The five-time Grammy winner looks back on his career, ahead of receiving the country's highest civilian honor.
As a 19 year-old Chinese Malay serving in the British Royal Air Force during World War II, Paul Loong was captured by the Japanese and did hard labor for three years in a prisoner of war camp.
The mortality rate was high — one in five prisoners died in the first winter and the prisoners were beaten and fed meager rations.
“You know, those unpleasant things fade away gradually,” Loong said. “Until you don’t feel like talking about them.”
But at 88 years old, he doesn’t think one can completely forget. On a recent trip to Japan with his family, Loong visited the site of the P.O.W. camp and could not hold back his emotions.
“I could not help but cry, thinking of the people who could have been saved with some decent medical care,” he told Here & Now‘s Robin Young.
‘Every Day Is A Holiday’ Documentary
Paul’s daughter Theresa says, “It’s the only time I’ve ever seen my daddy cry.” Theresa Loong has documented her father’s life and experiences in a new film called “Every Day is a Holiday.”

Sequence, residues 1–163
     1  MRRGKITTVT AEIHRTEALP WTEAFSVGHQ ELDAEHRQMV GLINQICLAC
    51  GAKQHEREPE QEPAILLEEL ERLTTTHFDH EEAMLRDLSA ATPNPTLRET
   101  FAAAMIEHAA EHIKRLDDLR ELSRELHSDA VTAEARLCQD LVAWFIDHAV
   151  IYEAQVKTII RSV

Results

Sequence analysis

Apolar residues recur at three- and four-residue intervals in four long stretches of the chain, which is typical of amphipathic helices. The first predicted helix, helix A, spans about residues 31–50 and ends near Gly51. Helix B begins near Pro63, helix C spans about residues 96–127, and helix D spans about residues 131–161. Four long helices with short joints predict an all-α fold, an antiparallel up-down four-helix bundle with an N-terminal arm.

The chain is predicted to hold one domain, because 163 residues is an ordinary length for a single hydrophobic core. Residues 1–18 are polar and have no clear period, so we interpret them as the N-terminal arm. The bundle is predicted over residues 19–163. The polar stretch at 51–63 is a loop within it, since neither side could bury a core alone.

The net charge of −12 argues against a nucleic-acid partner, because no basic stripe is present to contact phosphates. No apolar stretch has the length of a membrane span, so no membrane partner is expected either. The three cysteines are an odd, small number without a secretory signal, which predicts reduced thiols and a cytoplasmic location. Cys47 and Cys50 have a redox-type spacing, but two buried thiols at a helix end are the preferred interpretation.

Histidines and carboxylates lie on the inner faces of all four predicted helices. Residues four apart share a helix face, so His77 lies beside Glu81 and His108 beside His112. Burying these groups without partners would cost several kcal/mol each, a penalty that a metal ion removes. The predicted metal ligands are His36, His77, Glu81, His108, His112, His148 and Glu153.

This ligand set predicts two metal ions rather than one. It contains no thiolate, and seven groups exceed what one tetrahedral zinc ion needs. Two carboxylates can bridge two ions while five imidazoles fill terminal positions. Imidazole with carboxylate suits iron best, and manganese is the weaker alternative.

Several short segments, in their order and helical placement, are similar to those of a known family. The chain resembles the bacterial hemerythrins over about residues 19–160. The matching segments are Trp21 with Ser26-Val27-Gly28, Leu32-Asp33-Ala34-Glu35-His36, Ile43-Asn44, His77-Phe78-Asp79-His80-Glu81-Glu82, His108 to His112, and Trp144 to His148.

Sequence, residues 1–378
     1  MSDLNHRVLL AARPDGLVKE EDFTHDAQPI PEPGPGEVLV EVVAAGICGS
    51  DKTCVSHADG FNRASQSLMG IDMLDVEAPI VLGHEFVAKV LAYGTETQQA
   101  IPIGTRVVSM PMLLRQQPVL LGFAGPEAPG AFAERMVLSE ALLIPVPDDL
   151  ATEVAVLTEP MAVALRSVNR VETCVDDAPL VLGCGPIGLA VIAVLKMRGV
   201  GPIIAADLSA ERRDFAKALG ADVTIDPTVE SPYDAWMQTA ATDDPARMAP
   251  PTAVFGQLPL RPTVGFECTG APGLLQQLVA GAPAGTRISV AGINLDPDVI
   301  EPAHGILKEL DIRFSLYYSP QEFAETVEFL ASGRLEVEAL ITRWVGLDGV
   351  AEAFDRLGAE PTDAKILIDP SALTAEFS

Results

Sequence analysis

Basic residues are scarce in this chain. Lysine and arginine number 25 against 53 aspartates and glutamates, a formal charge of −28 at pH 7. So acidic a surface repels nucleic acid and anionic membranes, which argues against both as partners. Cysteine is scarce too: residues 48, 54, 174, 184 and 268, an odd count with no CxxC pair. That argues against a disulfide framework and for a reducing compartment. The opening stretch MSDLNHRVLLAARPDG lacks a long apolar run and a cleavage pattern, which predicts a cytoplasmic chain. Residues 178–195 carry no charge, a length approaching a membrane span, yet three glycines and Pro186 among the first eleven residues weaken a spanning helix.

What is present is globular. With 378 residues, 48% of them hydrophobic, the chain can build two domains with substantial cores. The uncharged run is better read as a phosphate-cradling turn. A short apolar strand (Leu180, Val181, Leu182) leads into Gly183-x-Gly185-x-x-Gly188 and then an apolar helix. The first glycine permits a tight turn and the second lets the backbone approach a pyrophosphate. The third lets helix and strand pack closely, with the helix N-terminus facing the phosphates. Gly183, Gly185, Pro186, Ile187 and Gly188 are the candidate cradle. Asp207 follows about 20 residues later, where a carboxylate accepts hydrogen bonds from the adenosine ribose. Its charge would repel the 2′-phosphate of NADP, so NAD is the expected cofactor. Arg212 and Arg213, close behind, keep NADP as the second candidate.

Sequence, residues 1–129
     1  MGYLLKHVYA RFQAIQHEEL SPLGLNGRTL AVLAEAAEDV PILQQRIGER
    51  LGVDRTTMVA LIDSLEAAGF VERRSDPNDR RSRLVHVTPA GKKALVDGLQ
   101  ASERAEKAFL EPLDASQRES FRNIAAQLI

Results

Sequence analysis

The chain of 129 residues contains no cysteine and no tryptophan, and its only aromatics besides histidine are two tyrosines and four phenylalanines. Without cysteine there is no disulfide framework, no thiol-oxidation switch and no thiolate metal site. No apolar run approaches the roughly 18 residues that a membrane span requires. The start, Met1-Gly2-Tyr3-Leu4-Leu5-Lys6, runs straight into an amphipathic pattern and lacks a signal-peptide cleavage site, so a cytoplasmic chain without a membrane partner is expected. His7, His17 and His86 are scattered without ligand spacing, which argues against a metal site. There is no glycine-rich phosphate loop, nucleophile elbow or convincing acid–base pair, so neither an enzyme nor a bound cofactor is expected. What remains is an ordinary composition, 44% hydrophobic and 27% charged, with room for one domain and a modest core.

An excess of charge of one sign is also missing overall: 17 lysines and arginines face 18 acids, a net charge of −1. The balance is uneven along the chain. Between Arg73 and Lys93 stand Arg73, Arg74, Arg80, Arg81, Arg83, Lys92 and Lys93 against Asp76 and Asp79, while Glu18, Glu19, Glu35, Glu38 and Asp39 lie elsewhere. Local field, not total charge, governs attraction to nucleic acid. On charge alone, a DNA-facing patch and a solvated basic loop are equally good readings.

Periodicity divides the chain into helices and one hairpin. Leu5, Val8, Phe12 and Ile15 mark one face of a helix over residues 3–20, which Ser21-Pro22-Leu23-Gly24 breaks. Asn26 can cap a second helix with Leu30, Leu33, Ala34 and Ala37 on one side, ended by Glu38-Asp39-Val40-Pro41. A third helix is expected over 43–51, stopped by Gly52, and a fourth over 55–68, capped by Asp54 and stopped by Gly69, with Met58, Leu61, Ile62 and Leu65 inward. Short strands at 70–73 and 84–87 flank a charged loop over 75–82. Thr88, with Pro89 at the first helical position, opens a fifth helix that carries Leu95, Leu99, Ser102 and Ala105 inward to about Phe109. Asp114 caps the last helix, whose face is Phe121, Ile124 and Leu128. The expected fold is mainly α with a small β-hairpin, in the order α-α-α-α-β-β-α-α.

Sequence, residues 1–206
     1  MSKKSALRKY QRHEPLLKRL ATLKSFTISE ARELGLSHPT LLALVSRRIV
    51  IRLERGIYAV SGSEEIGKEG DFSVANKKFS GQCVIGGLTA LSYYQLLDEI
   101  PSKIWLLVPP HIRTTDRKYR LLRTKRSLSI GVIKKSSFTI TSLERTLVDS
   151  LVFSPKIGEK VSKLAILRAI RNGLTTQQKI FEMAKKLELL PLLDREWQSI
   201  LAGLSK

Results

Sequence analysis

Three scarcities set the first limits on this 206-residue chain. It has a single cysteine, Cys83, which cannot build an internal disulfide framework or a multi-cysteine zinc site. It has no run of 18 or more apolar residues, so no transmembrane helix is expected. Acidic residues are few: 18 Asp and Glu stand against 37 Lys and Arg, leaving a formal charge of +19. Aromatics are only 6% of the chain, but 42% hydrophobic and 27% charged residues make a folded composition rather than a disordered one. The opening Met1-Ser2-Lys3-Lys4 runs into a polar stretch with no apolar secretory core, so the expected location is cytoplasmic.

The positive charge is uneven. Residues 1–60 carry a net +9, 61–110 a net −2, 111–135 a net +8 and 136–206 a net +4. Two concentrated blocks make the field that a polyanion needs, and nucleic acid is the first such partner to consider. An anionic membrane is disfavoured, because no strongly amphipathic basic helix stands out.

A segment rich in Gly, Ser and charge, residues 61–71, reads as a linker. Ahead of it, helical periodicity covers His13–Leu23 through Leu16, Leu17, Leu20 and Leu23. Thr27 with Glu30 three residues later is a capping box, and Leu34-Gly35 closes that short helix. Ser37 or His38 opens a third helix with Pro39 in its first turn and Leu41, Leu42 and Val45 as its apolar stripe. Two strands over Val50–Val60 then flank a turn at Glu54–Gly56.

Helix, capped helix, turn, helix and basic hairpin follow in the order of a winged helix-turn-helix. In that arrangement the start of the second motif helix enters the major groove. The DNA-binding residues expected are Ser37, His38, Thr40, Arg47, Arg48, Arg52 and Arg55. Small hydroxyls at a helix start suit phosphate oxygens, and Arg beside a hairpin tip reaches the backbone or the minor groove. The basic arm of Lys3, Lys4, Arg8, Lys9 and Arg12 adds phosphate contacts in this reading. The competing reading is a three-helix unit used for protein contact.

The title is based on something Paul wrote in a secret diary he kept during his years as a prisoner of war. He promised himself that if he survived the camp, “every day would be a holiday.”
Not only would he survive the P.O.W. camp, but he would eventually gain citizenship in the United States and become a doctor.
The Struggle To Become A Citizen
Paul went through great lengths to become an American citizen during a time when only 105 Chinese immigrants per year were permitted to gain citizenship.
He became a merchant marine, because the laws at the time allowed anyone who served aboard a U.S. ship for five years to become citizens. But that fell through. So Paul enlisted in the U.S. Army, and went on to fight another war in Korea.
Although he remembers being made fun of and called names upon his arrival in the U.S., Paul says he wanted to come to the country for freedom, and all the opportunities given to immigrants.
Theresa says her dad’s perseverance reminds her to keep positive in the face of hardship. Her film “Every Day is a Holiday” will air on PBS stations throughout the country all through the month.
And for Paul, is every day really a holiday? “Yes,” he says. “I still believe that.”
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